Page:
By Tony Massarotti, 98.5 The Sports Hub

BOSTON (CBS) — Like you, I’ve been waiting. I’ve been waiting to find out which three voters failed to place Ken Griffey Jr. among a maximum of 10 names on this year’s Hall of Fame ballot. And perhaps more importantly, I’ve been waiting to find out why.

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In the interim, there has been a lot of ground to cover, some of it relating to the candidates, some of it relating to the process.

Let’s start here: Ken Griffey is the best player I have ever seen, in person, particularly as it pertains to the 15 or 16 years I spent covering Major League Baseball, officially from 1994-2009 (or so). In my estimation, Griffey was — and is — the perfect player, a brilliant combination of speed, power, defense, smarts, instinct, arm strength and natural, uncorrupted ability. Other guys have put up better numbers in various aspects of the game, but there has never, ever been anybody who excelled in so many facets of the game and who looked so perfectly natural doing it.

Baseball came easily to him. In every way imaginable. And it showed. Griffey never looked like he was straining to do anything. He was modern baseball’s version of Secretariat, right down to the playful personality.

For the younger folk, let me put it this way: I’d take Griffey in his prime over Mike Trout. Every time. I’d take Griffey over everybody.

Now as to why someone would leave Griffey off his or her Hall of Fame ballot is entirely beyond me, an act for which I believe there is no real defense. (Maybe this is it has taken so long to identify the culprits.) We all know Griffey was good enough, as have been many others. And if someone left Griffey off the ballot for the purpose of manipulating the process — namely, to give a vote to someone who otherwise would have been squeezed off his/her ballot — that to me is perhaps a most inexcusable sin.

The Hall of Fame, after all, is not about the greater good. It never has been. It is exclusionary by definition. If someone believed there were 11 worthy candidates on this year’s Hall of Fame ballot — and I question that thinking, too — then the logic of omitting Griffey is, as we like to say, ass-backwards. Griffey should have been the first name on this year’s ballot, not the 10th. You want to bounce Alan Trammell from the ballot for Lee Smith, we can have that discussion. But Junior should have been bounced for no one.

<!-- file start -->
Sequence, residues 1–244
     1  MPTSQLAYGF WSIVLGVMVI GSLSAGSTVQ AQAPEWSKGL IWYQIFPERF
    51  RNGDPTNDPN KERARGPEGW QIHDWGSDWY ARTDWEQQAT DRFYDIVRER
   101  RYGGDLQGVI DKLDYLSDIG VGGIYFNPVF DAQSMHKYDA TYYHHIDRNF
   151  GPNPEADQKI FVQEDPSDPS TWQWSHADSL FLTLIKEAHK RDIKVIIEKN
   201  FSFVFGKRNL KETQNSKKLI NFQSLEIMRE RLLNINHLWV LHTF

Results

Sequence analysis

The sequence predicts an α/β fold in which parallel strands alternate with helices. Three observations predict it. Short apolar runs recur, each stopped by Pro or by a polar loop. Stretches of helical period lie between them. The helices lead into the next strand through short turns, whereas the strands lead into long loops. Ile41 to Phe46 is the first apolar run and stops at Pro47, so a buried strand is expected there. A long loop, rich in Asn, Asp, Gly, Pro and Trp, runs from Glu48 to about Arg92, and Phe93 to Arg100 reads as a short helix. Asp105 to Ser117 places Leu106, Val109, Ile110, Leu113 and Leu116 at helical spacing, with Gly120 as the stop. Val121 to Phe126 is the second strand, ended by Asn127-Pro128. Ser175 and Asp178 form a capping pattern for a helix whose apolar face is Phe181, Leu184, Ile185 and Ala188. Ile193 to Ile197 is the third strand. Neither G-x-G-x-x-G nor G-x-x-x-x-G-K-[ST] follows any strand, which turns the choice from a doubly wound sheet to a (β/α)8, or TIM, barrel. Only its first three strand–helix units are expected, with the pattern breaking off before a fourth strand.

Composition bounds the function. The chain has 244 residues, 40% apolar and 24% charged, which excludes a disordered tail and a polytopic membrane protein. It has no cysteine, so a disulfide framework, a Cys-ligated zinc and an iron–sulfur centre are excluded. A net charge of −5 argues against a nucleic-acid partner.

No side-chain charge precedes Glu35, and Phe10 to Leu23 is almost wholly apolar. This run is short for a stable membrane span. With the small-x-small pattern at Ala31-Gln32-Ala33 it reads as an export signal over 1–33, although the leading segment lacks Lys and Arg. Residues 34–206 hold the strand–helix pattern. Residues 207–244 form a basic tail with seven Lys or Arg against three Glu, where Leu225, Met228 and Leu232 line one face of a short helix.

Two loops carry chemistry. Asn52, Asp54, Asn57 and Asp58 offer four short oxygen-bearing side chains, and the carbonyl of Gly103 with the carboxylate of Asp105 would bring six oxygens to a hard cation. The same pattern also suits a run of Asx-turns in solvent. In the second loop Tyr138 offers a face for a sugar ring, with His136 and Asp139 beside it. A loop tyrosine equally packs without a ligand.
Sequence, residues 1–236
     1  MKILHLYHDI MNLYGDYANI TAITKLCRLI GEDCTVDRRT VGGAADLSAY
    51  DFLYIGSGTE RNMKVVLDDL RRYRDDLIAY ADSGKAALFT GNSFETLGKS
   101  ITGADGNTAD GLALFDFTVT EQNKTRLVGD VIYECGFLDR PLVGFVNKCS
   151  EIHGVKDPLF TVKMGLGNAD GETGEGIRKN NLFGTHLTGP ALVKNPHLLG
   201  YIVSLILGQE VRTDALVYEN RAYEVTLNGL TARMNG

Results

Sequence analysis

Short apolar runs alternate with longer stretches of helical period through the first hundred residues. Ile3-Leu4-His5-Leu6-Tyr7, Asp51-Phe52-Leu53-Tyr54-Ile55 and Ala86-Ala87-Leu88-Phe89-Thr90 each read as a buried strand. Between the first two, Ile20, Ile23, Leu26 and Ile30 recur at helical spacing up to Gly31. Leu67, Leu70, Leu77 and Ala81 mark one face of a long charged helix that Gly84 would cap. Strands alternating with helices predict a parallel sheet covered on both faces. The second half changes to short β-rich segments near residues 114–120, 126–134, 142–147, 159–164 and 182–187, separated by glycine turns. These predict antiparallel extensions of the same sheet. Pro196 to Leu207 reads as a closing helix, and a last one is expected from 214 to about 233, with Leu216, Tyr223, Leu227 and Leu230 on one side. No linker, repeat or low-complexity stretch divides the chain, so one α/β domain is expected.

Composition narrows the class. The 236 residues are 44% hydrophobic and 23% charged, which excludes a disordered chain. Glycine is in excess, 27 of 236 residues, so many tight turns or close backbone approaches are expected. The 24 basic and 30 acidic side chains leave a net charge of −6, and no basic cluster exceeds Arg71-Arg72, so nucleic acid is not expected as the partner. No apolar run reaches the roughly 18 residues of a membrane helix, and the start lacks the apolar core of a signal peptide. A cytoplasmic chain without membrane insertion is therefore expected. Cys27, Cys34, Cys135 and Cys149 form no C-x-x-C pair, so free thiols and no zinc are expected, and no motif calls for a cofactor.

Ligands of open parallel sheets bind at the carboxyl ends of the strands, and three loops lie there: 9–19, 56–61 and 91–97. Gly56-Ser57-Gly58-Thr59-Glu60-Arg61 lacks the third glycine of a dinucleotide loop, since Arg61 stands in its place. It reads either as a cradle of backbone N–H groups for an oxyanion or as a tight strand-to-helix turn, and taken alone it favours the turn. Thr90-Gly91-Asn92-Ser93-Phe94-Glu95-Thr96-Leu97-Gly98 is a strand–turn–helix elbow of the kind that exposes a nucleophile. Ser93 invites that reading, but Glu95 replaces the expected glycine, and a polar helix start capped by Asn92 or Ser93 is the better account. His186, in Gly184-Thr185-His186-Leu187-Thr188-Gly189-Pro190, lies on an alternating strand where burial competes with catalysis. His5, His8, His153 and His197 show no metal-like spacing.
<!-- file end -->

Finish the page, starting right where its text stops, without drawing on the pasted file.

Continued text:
Look, I get it. Elections, by definition, are as flawed as the people who vote in them. Getting 100 percent of a relatively large group of people (let alone sanctimonious, know-it-all sports reporters) to agree on anything is impossible. Nobody has ever come closer to a 100 percent approval rating than Griffey, who was named on all but three ballots. But it’s the reason for omission that matters now.

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Which brings me to the Old World vs. New World media war that has been raging for many years now, thanks to a world that has given everyone direct access to everyone else, for better and for worse.

The three voters who have taken so long to come out? For all the complaining you have done about the anonymous snipers on the web, you are now doing the same thing. What has separated the old world from the new, at least in the part, is a willingness to put your name to it. No hiding. No cowering. No shrinking. You make a decision and you live with it, come hell or high water.

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If I’m not mistaken, this was the 13th year I have voted for the Hall of Fame. If I’m not mistaken, based on changes to the voting standards that went into place last summer, I might have six or seven years left before my vote is revoked for the simple fact that I don’t attend baseball games regularly anymore. Hall of Fame votes were never supposed to be like seats on the Supreme Court, so believe me when I say that when the time comes, I will have no regrets about losing my vote. By that point, with regard to the players on the ballot, someone else will be far more qualified.

Like many in this process, I can honestly state that my logic has been flawed over the years. Maybe you don’t agree with me that some steroids users should be in and some don’t. Maybe you agree with me on John Smoltz (no) and Trevor Hoffman (no), or maybe you disagree with me on Jim Rice (yes) and Edgar Martinez (yes). You have every right to do so. But I can honestly tell you that I have always tried to vote for the worthiest players, at least within the very limited parameters of my own mind, and I have never voted for someone (or not) at the expense of another candidate or that I deprived someone of a vote purely out of spite.

And I suspect that most voting members have done the same.

The people who omitted Ken Griffey Jr.?

I have no answers for them.

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On this one, they’re on their own.